Namor vs. Aquaman, and Why Marvel's First Hero Deserves a Movie

Namor needs a movie and Universal Pictures should be the ones to do it.


Of all the legions of heroes making their way to the silver screen, one of the most glaring omissions has been Marvel’s first superhero, Namor the Sub-Mariner. The guy who’s often mistakenly disregarded as an Aquaman rip-off has never made his way onto the battlefield with the Avengers, thanks in large part, to a swamp of murky, interlocking rights to the character.

Then, at the end of June, Marvel’s Chief Creative Officer Joe Quesada mentioned Namor on Kevin Smith’s Fat Man on Batman podcast, saying that to his knowledge, the rights to the Sub-Mariner were safely at home at Marvel Studios, saying “It’s not at Fox, it’s not at Sony…” Of course, those studios aren’t the problem. For the last several years, the rights to Namor have been at Universal Pictures, a studio that hasn’t distributed a tentpole comic book movie since 2008’s The Incredible Hulk.

The full details as to who owns Namor are still vague, so it’s possible that the character is still in flux. However, even if Universal still has some stake in the character, that may actually be for the best. In the wake of the partnership between Sony and Marvel to bring Spider-Man to the Marvel Cinematic Universe, getting Namor onto the big screen through a similar deal would be a big boon for comic book fans.

Fan art depicting Namor really giving it to Aquaman.


Aquaman vs. the Sub-Mariner

Let’s start here, with DC’s fish-controlling boy scout getting all of the attention (in spite of the fact that Namor preceded Aquaman by two full years). In the last several decades, where Marvel has eschewed a solo book for Namor, Aquaman has become one of those core DC characters who’s been reinvented every few years in order to keep his stories fresh. The obvious similarities between the two characters — they share everything from powers to home towns — has seen them compared to each other time and again. Yet, there is one key character-defining difference between the heroes.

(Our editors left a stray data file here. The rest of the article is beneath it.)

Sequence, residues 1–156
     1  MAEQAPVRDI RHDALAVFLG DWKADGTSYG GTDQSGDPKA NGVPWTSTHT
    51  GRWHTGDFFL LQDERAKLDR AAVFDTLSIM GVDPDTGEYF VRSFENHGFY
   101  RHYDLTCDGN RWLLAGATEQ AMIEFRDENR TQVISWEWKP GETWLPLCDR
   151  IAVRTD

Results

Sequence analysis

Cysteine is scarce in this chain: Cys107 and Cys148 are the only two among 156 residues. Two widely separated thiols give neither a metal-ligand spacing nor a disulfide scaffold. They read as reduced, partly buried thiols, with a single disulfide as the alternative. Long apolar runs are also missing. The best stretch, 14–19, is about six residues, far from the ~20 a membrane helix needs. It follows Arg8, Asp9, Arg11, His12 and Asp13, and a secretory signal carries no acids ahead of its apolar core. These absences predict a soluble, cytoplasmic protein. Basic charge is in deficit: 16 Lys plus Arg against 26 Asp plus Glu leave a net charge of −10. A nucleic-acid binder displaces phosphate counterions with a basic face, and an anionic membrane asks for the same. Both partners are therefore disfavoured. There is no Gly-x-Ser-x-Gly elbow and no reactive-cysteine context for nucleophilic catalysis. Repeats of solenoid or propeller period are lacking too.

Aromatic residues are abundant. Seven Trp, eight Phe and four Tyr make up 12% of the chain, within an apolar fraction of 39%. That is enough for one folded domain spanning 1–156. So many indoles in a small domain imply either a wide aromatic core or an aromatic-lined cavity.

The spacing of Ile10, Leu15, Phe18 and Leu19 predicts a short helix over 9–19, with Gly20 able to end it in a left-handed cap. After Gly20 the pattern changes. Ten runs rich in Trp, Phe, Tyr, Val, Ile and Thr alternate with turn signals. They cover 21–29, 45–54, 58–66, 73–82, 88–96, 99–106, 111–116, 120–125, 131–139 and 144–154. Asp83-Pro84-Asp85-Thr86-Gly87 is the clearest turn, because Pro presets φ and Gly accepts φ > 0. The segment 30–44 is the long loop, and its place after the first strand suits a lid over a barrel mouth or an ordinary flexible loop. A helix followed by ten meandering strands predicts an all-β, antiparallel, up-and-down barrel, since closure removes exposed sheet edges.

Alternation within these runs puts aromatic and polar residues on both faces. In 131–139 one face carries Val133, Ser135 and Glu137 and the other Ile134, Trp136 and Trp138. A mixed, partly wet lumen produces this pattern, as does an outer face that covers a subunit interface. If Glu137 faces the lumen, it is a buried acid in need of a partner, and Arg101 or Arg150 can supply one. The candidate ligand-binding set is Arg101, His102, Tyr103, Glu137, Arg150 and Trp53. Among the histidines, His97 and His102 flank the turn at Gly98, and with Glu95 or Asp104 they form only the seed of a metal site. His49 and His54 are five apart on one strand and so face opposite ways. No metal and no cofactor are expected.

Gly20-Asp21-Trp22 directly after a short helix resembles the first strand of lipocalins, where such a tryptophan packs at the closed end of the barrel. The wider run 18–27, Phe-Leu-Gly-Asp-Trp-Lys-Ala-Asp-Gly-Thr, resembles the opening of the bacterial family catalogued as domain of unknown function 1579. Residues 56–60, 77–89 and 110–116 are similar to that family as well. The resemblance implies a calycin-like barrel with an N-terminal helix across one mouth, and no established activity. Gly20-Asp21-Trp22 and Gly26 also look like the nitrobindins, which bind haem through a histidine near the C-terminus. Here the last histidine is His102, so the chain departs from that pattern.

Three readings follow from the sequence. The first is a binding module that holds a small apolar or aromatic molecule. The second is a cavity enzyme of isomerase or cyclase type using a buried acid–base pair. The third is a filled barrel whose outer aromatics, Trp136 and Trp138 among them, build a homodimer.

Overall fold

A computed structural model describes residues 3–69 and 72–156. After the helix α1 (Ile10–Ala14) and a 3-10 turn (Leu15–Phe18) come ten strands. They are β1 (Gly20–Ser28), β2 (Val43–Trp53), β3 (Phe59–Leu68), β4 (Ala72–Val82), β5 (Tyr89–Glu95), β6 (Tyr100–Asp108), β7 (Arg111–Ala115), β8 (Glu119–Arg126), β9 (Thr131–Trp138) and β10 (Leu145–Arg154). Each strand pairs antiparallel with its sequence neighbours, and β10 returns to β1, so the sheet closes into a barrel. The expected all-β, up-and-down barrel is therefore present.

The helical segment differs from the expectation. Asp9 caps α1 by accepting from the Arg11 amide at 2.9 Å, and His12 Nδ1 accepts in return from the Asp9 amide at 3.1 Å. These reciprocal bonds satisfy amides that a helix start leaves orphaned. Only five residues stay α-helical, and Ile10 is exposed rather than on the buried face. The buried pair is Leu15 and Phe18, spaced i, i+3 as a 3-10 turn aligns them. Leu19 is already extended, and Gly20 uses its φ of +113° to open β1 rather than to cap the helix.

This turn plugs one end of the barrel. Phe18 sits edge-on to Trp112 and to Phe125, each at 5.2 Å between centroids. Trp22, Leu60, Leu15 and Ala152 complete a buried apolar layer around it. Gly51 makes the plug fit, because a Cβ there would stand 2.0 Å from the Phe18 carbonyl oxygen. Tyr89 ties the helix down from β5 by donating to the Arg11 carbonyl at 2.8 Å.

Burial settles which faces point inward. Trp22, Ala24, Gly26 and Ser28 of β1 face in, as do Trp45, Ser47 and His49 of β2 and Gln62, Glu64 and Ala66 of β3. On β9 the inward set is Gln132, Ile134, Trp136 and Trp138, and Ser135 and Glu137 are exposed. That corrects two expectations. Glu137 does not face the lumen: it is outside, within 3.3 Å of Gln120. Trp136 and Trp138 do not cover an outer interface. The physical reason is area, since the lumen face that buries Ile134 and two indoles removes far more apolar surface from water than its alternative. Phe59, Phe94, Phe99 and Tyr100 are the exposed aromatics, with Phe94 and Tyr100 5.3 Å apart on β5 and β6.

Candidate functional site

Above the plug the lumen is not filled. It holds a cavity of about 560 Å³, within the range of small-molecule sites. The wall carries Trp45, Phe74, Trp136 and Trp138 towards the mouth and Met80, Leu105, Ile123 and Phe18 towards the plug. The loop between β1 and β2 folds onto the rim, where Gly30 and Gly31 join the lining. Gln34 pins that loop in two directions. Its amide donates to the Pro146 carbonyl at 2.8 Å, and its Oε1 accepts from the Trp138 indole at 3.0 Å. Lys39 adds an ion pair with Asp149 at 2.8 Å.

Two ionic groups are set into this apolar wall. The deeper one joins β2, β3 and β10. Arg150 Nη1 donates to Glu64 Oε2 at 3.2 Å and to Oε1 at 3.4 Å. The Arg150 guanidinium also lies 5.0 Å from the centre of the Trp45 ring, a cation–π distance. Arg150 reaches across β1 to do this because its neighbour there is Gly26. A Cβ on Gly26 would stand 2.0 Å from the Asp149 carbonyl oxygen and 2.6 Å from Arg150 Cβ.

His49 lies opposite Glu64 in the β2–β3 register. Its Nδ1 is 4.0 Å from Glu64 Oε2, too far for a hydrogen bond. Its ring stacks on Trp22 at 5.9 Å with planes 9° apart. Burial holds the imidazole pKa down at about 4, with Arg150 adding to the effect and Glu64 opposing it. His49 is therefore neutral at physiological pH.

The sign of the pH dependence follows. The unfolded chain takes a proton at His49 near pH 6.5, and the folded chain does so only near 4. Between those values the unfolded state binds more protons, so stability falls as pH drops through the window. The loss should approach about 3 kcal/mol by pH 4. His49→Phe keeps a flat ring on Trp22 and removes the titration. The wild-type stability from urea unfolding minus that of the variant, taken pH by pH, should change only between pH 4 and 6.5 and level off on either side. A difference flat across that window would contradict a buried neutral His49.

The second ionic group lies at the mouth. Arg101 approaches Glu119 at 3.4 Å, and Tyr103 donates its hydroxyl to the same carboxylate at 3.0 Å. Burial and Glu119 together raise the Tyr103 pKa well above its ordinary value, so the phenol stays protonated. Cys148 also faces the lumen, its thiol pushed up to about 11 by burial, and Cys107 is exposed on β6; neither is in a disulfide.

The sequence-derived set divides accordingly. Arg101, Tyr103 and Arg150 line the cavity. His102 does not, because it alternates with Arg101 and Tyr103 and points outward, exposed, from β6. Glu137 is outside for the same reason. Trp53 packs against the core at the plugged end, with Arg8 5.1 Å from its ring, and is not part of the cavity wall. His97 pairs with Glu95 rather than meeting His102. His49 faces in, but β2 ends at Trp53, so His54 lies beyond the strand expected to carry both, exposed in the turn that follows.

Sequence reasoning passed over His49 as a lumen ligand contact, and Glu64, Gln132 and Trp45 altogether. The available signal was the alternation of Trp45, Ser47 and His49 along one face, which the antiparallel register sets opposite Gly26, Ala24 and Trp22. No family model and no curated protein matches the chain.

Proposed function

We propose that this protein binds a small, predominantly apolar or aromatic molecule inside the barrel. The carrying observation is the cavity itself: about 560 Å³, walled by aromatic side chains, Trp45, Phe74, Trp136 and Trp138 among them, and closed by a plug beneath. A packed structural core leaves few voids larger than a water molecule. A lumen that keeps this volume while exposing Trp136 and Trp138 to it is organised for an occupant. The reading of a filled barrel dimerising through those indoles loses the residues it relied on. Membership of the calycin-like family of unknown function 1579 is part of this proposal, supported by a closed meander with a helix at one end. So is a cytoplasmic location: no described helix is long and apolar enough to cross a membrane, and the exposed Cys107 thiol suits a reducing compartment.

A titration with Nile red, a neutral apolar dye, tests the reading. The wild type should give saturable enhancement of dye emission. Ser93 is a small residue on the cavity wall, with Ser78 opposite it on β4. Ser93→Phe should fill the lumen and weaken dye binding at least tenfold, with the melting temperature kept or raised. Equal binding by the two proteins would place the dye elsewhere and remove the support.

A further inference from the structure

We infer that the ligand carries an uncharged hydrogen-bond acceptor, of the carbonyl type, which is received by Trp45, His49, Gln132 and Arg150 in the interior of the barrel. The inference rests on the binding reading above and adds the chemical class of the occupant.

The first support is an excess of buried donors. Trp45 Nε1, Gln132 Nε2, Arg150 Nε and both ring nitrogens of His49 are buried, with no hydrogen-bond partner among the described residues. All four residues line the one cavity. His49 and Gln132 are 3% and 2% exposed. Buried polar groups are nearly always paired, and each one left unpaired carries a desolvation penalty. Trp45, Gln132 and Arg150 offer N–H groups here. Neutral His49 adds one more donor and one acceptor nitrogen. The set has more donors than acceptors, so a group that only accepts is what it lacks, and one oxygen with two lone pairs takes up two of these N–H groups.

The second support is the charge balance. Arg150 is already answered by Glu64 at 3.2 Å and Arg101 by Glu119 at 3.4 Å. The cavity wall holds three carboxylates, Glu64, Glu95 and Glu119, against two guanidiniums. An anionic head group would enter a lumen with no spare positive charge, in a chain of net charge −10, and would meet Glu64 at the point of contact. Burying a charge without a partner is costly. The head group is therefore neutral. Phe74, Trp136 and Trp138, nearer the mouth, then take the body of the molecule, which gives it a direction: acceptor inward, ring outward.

Aquaman is a total boy scout and Namor is a cranky asshole. And the latter, it’s arguable, will be more fun to watch on screen.

Sure, in recent years, DC has gone to some lengths to make its Atlantean king less of a black and white do-gooder, but the effect has been something similar to Zack Snyder’s take on Superman in Man of Steel (read: dull). Just because the hero broods for a bit or hesitates before saving the day doesn’t change the fact that they’re good people who do the right thing all the time. You can weave in all the muted tones and long, dark hair you want, but you’ve still got an infallibly moral character who’s utterly, sadly predictable. Only now, the damn story is twice as long because they have to “come to terms with their responsibility” before they can be the hero the audience knows they’re going to be.

Anyway, Namor doesn’t have that issue, because Namor doesn’t care about humanity. The Sub-Mariner is a half-Atlantean king solely looking out for his people and his people alone. And he will reign down havoc on the surface world without a second thought if it means preserving even one life in his domain. He’s not a peaceful hippie; he’s the warrior king of his own expansive, aquatic nation. That’s the kind of zealous, wrathful philosophy that makes for some really engaging drama.